iPad mania brings scams, dubious offers to Web
The iPad is going on sale on Saturday, and it’s not just the Apple Store and Best Buy that are gearing up for the big day. There are tons of people out there who want to sell you everything from iPad reservations, domain names, e-mail addresses and more. Some people may get caught up in the iPad hype, but don’t let yourself be fooled. Many of these iPad offers are claiming an inflated value for their wares in the hopes of making a quick buck. Here are the top 5 scams and inflated claims I found circulating the Web.
The prices range anywhere from $1 to $5000. Ebay seller 4tip2toe is asking $4,999 for four iPad domains including theAppleiPads.com, BuyiPad3GS.com, iPad3G4U.com and iPad3GBUY.com. Another eBay seller is trying to pass off iPad-Facebook.com for $500. To be clear, that URL has no relation to the social network Facebook.
With iPads already sold out for launch day, some enterprising people are willing to sell their reservations for iPads this Saturday. You can find these offers all over Craigslist. One seller claims to be selling a 16GB iPad reserved for pickup at the Apple Store in Midtown Manhattan. There are several offers for reserved iPads in Boston, and other sales in Chicago, San Francisco and other cities across the U.S. These offers range in price from $100 just for the reservation (not including the iPad) to $700 or more for a 16GB Wi-Fi iPad that retails for $500. These iPad sales may be the real thing, but then again they may not. So if you choose to go this route, make sure you meet the person in a very public and very safe place, and don't hand over a dime until you see that shiny new iPad.
iPads for sale
On the other side of iPad reservations are iPad resellers trying to sell you their devices over eBay. One eBay seller, for example, claims to be offering a 16GB Wi-Fi iPad for a $200 markup at $700. The problem is, just like with the reservation offers, there’s no way to know if this person has the goods. In the sales details the seller says they work for “a local retailer” and got two iPads early. That sounds a little fishy since Apple has all iPads on lockdown across the U.S so that not even Apple Store employees can access them, according to Reuters. The other problem is the eBay seller doesn’t provide any of their own pictures of the iPad in question to prove they have the device in their hands. I’m not buying it, what about you?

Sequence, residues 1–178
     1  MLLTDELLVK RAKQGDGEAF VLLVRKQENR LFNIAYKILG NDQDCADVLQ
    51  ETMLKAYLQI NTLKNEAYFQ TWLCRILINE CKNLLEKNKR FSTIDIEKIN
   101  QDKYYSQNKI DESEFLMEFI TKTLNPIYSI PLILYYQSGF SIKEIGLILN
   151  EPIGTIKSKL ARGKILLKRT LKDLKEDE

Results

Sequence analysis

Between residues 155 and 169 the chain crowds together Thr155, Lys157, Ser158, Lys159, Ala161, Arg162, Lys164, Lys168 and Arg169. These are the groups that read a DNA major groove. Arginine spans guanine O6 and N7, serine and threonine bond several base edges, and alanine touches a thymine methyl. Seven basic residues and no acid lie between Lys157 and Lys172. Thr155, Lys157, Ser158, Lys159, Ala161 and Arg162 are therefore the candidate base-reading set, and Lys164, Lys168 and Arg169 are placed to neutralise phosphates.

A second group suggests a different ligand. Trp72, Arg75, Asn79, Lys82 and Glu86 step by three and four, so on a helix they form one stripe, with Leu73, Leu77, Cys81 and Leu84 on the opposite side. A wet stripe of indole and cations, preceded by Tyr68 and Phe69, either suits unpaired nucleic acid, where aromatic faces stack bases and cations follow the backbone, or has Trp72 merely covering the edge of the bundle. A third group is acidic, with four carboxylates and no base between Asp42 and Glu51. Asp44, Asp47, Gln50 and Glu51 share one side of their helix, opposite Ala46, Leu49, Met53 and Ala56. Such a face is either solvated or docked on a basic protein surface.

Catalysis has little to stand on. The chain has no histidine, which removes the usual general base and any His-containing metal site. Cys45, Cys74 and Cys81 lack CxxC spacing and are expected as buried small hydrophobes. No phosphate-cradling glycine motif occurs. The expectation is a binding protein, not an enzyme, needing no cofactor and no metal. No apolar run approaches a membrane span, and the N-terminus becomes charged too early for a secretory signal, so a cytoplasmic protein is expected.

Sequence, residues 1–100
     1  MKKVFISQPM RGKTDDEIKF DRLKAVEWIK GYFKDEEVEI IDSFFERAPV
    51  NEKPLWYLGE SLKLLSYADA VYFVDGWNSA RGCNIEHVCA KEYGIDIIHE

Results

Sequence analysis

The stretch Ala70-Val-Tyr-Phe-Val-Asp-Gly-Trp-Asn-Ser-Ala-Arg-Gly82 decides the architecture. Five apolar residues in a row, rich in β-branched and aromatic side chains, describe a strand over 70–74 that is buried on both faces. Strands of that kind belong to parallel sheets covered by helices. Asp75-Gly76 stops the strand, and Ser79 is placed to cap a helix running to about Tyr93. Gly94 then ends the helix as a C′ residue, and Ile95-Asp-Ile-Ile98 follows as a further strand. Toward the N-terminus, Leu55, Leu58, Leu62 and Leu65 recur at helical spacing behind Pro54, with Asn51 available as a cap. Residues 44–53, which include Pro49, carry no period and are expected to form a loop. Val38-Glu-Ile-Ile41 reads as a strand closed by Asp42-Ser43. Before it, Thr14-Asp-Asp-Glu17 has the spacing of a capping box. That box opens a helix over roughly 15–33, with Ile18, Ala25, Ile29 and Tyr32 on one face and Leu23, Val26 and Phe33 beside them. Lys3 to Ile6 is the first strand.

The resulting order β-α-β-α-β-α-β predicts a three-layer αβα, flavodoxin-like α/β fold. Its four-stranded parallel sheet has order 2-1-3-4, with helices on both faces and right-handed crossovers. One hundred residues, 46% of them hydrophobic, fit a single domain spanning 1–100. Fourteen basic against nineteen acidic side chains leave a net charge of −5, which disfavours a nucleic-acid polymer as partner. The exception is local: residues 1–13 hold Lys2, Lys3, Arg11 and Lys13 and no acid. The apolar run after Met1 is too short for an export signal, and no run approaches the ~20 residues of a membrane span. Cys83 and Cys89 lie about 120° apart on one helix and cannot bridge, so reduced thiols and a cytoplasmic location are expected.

iPad e-mail addresses
If you thought buying a sleazy iPad domain was crazy, what about an iPad-related Webmail address from Yahoo Mail or Gmail? One seller claims to be offering Apple_iPad_Dealer@yahoo.com, and is accepting six cents as the starting bid on ebay. For my money, that’s about six cents too high. Webmail accounts are free, remember, and if you can’t get what you want in Gmail or Yahoo there’s always Hotmail, GMX or AOL, among many other free e-mail providers. Other Webmail accounts for sale on eBay include email@example.com, firstname.lastname@example.org and iPadRepairservices@gmail.com. One seller is even trying to pawn off iPadSecurity@gmail.com for $200.
When a seller claims something is “100% legit,” there’s a good chance you're looking at a potential scam. Several sellers are claiming to sell you instructions on how to get 36 percent cash back from the seller fees when you buy an iPad on eBay. There is no physical product obviously, and one seller says they will deliver the instructions via e-mail within a “couple days” after the $75 payment clears. But why exactly would a buyer want to get a discount on fees that are charged to the seller? That’s a little odd, don’t you think?
Apple announced Wednesday that its retail stores and most Best Buy stores will be open at 9 a.m. on Saturday morning. So all of you that pre-ordered can get your hands on your new iPad as soon as possible. If you haven’t ordered an iPad you’ll have to wait a bit longer since the device is sure to be out of stock for a few weeks. Of course, if you want to pay a premium to a private seller that may or may not have the device in the first place, you might get your hands on an iPad sooner. Then again, you may not. As the saying goes, “buyer beware.”
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